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Phytoplankton on Louisiana Shelf Show Seasonal Commonalities

Published on: 09/20/2021

NCCOS sponsored researchers analyzed common phytoplankton taxa and accompanying environmental data for 672 surface water samples collected from 95 stations located on the Louisiana/Texas shelf (Gulf of Mexico) between 1990 and 2011. This comprehensive study found distinct phytoplankton species assemblages and identified seasonal trends. The study demonstrates the importance of physical processes and seasonality in determining phytoplankton communities and highlights the importance of taxonomy.

Fig. 1. Three-dimensional plots of the five variables that were most related to phytoplankton assemblage variability in the 672 samples analyzed in this study. A. secchi depth (m), salinity, and temperature (°C); B. stratification, salinity, and temperature; and C. secchi depth, stratification, and temperature. Credit Parsons et al., 2021.

Highlights of the study are:

      • Temperature, stratification, and depth are most related to phytoplankton composition variability.
      • Dissolved nutrient concentrations appear to drive overall phytoplankton biomass.
      • Phytoplankton on the Louisiana shelf can be distinguished into spring bloom, summer and winter assemblages.

Nutrient inputs from the Mississippi River drive northern Gulf of Mexico primary production, which in turn supports very productive fisheries (e.g., Gulf menhaden and shrimp). This high phytoplankton productivity has had negative consequences, however, including chronic hypoxia of bottom waters on the shelf and frequent harmful algal blooms, particularly of the diatom Pseudo-nitzschia which can produce the neurotoxin domoic acid. Additionally, the high nitrate inputs of the Mississippi River can lead to secondary nutrient limitation, particularly silica for diatoms, which causes a trophic cascade in the reduction in diatom biomass and a subsequent reduction in copepod zooplankton biomass (consumers of diatoms).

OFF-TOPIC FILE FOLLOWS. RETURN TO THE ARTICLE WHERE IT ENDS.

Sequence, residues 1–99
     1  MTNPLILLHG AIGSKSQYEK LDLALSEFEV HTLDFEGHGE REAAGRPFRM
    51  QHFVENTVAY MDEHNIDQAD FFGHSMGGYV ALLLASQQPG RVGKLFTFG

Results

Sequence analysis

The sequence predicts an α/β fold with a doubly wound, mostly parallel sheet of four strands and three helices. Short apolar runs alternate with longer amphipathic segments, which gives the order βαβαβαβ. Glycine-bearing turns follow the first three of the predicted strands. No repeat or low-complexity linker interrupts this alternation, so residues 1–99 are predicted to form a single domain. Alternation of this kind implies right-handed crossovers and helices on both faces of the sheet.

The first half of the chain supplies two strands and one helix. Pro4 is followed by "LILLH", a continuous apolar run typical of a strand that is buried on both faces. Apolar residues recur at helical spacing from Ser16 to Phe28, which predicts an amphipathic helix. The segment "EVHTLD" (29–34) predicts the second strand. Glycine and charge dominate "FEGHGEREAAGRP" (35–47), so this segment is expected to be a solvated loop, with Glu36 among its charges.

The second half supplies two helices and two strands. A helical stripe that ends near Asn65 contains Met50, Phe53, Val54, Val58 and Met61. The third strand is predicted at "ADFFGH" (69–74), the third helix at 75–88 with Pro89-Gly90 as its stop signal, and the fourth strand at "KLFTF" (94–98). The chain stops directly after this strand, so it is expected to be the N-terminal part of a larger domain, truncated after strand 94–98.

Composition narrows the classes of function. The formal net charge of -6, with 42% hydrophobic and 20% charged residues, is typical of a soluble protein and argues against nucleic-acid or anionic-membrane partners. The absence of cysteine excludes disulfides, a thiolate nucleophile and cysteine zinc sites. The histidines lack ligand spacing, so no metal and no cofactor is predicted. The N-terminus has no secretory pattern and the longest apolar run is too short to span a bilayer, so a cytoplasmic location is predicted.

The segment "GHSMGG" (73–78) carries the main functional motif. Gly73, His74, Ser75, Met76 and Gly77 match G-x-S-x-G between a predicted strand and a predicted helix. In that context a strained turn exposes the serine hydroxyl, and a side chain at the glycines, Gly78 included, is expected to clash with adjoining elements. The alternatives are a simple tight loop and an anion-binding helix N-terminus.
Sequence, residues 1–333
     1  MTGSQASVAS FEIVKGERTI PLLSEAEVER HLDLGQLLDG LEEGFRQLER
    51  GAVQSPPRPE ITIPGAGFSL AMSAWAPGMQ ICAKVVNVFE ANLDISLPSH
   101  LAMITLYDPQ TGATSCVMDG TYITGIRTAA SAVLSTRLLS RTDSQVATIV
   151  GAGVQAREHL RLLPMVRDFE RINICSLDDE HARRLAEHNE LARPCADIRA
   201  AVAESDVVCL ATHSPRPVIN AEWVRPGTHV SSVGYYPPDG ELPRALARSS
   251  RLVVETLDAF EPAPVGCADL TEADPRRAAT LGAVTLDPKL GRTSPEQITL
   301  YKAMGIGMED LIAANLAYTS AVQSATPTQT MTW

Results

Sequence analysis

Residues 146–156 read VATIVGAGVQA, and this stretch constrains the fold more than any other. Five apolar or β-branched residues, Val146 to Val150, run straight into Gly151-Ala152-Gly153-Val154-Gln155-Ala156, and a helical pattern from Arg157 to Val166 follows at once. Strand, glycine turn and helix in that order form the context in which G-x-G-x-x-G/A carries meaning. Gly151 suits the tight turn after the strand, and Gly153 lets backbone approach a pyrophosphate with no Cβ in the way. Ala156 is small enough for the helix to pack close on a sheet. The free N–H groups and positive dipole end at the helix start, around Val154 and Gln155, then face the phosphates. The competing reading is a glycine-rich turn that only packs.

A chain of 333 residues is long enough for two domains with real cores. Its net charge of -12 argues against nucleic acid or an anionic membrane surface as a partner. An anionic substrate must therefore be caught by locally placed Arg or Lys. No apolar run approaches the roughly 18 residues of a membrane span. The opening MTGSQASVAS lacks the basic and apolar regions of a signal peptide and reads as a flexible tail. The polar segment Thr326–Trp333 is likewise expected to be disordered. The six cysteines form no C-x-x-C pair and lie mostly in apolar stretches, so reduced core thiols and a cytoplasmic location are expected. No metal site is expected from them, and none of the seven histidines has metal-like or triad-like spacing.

Phytoplankton were identified to the lowest practical taxonomic unit from preserved samples. Twenty-six phytoplankton taxa (primarily diatoms) that were > 8 microns in size were identified to genus-level and ranked in at least one of three separate categories (average abundance; frequency of occurrence; and bloom frequency).

Nineteen of the 26 taxa were diatoms, four were dinoflagellates, two were cyanobacteria, and one was a ciliate. As the Mississippi River water mass mixes with the northern Gulf of Mexico coastal (and/or oceanic) water mass, the resultant phytoplankton assemblage is a mix of marine and freshwater forms.

Of the five environmental variables (temperature, salinity, secchi disk depth, stratification, and inorganic nutrients) evaluated in the study, temperature, stratification, and secchi depth constituted the combination best statistically related to the phytoplankton community composition patterns across the 672 samples. The optimal environmental parameters associated with the 26 phytoplankton taxa were calculated and plotted (Fig. 1), and the taxa were grouped into common phytoplankton clusters (i.e., niches).

The phytoplankton clustered into three seasonal assemblages. Group A is composed of taxa with optima typical of summer months: higher temperatures typical of June and July, highly stratified waters and higher ammonium concentrations that would be expected of post-spring bloom conditions (i.e., summer) when recycled nitrogen would be more abundant. Group B is characterized as a winter group, with lower optima for temperature typical of December and January, lower reactive nitrogen species (NOx) and ammonium (i.e., lower river inputs in winter) and higher optima for salinity and Si:N (reflecting generally lower river flow and nitrogen inputs). Group C (spring) appears to be a higher flow (and/or nearshore) group with evidence of higher nitrate levels and higher Si:P ratio and SiO3 (expected with higher freshwater inputs).

This long-term study provides a base-line reference to examine phytoplankton responses to future environmental perturbations.

This study was supported in part by project funding from the NCCOS NGOMEX and NECOP programs. NCCOS’ Dr. Quay Dortch played an instrumental role in the collection and analysis of much of the data utilized in this study.

Citation: Parsons, Michael L., Ashley L. Brandt, R. Eugene Turner, Wendy L. Morrison and Nancy N. Ralabais. 2021. Characterization of common phytoplankton on the Louisiana shelf. Marine Pollution Bulletin 168, 112458. https://doi.org/10.1016/j.marpolbul.2021.112458

Map of the 95 stations sampled on the Louisiana – Texas Shelf from 1990 to 2011 used in this study. The rectangle depicts stations C1-C9 of the C-transect, from which the majority of samples analyzed in this study were collected (Table S1). Credit Parsons et al., 2021.

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